WASHINGTON — President Obama's signature health care law could get nicked by the Supreme Court next year when the justices take up the mandate that most businesses provide free coverage for contraception. But that's not the only legal hurdle it faces.
In courtrooms across the country, Republican state attorneys general and conservative groups are challenging the way the law was passed, the way it was worded and the bureaucracy it created.
here’s a term of art that the Obama White House uses to describe its neurotic supporters who instantly race to the worst-case scenario: They are known as “bed-wetters.” Two months into the dysfunctional life of healthcare.gov, however, that seems a perfectly appropriate physiological reaction.
Supporters of President
are working overtime to backtrack from his promise that "If you like your health-care insurance, you can keep it. Period." While the president has conceded that this statement was inaccurate, the administration doesn't seem to have learned its lesson. The damage control plan is to spread another falsehood about the Affordable Care Act.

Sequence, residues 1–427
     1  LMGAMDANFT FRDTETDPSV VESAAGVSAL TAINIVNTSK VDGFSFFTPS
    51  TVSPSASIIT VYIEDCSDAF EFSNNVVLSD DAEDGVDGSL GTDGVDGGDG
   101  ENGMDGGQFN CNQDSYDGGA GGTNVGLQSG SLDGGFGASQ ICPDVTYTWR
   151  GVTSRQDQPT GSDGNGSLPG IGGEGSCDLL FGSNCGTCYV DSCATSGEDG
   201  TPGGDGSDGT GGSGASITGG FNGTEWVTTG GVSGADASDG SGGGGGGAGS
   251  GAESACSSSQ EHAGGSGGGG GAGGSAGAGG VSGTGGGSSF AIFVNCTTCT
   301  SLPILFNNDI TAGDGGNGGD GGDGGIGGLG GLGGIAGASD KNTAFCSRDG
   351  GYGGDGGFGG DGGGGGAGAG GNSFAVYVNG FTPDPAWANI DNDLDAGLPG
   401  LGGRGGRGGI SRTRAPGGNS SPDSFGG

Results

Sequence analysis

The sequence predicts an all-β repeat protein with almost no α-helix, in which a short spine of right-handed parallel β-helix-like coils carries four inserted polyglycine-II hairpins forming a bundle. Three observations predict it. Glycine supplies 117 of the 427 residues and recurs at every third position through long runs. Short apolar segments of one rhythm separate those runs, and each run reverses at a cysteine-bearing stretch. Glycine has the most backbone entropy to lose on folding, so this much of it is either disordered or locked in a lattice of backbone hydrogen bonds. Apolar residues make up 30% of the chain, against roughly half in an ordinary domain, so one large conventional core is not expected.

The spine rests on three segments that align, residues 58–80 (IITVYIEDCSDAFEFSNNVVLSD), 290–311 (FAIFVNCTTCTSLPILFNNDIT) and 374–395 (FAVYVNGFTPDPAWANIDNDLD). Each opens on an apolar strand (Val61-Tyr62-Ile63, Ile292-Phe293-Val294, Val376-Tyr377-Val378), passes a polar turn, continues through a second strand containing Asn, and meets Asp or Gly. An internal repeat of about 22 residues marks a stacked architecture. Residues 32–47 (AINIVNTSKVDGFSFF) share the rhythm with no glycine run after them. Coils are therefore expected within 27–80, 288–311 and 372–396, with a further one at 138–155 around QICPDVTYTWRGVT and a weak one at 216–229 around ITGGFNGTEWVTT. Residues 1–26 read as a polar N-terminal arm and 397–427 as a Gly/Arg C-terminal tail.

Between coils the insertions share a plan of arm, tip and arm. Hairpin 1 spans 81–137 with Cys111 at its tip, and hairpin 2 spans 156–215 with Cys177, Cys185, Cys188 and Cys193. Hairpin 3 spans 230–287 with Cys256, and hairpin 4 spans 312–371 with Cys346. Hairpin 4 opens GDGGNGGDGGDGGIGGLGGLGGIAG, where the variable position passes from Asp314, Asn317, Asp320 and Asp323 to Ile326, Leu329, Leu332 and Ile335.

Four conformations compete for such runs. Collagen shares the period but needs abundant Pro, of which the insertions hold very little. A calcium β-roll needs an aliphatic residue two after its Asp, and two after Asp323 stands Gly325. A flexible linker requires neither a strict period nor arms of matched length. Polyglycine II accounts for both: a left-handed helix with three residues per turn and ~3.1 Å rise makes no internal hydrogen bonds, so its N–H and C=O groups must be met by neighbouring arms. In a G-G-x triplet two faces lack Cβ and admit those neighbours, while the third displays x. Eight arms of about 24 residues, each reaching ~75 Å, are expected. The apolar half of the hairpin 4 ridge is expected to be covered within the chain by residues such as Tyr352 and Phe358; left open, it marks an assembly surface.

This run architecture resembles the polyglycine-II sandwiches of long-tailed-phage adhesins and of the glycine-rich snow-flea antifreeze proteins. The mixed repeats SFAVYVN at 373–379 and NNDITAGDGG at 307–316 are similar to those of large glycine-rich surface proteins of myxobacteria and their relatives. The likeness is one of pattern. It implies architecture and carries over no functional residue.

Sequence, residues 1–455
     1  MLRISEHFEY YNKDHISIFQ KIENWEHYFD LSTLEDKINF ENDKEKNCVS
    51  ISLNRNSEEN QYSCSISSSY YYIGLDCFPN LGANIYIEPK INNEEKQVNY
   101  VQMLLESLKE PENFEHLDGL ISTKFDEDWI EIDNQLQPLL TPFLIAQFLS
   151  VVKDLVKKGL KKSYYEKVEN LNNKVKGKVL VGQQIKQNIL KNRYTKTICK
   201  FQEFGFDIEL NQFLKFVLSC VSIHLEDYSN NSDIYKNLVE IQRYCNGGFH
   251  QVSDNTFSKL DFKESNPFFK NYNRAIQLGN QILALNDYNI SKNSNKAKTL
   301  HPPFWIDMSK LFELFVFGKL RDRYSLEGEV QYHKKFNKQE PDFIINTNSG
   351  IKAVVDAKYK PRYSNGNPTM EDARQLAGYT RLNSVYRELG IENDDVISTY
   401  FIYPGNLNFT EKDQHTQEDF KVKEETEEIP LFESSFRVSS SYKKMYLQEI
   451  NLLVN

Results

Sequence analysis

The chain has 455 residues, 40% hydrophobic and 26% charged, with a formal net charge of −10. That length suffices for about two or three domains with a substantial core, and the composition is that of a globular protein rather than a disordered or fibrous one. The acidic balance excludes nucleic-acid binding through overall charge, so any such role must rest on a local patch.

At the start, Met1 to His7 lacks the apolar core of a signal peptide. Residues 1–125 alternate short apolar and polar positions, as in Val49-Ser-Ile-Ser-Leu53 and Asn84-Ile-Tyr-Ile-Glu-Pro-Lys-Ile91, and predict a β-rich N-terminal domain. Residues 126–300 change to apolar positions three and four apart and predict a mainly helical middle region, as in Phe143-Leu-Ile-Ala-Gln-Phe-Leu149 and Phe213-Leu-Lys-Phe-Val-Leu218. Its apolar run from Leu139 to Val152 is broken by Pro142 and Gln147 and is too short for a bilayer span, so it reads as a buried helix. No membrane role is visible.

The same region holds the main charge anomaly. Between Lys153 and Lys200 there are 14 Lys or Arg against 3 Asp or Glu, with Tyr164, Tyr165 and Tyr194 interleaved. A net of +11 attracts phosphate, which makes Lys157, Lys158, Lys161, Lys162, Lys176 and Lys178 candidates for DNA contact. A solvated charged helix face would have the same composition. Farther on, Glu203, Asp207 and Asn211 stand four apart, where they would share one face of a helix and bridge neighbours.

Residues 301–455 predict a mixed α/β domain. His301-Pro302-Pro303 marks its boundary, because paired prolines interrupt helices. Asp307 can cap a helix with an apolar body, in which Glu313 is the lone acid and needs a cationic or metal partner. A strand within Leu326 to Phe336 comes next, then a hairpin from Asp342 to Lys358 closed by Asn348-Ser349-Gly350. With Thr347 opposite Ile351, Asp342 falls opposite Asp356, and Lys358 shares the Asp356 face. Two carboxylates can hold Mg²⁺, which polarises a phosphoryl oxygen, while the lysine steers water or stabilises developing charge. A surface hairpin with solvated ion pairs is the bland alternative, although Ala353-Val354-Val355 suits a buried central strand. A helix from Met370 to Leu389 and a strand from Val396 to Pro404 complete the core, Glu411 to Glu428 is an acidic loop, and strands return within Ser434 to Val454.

Not one person has yet enrolled in the Cover Oregon insurance exchange — a major embarrassment to state policymakers who early on had wholeheartedly embraced the Affordable Care Act even as other states tried their best to hinder it.
WASHINGTON -- President Obama's broken promise about people being able to keep their existing health insurance is much larger than we've been led to believe. Until now, attention has focused on the individual insurance market: people buying coverage for themselves and their families from insurance companies. Policies have been canceled because they don't comply with the Affordable Care Act (ACA). But the individual market is small, representing about 5 percent of the non-elderly population, according to the Kaiser Family Foundation. What's unappreciated is that cancellations, under today's law, will ultimately spread to the largest insurance market: employer-provided coverage.
Settle back into your seat and get comfortable, because the next rounds in the Keystone XL pipeline fight are going to require digging into documents spanning thousands of pages, or at least waiting until someone else does it for you.
In a major legal blow to the California bullet train, a Sacramento judge ruled that state officials cannot pursue their plan to tap billions of dollars in voter-approved bond funding for construction, a decision that could cause indefinite delays in the massive $68-billion project.
Superior Court Judge Michael Kenny, ruling Monday in two closely watched cases, found the state officials made key errors and failed to comply with legal requirements as they moved the project toward a long-awaited groundbreaking.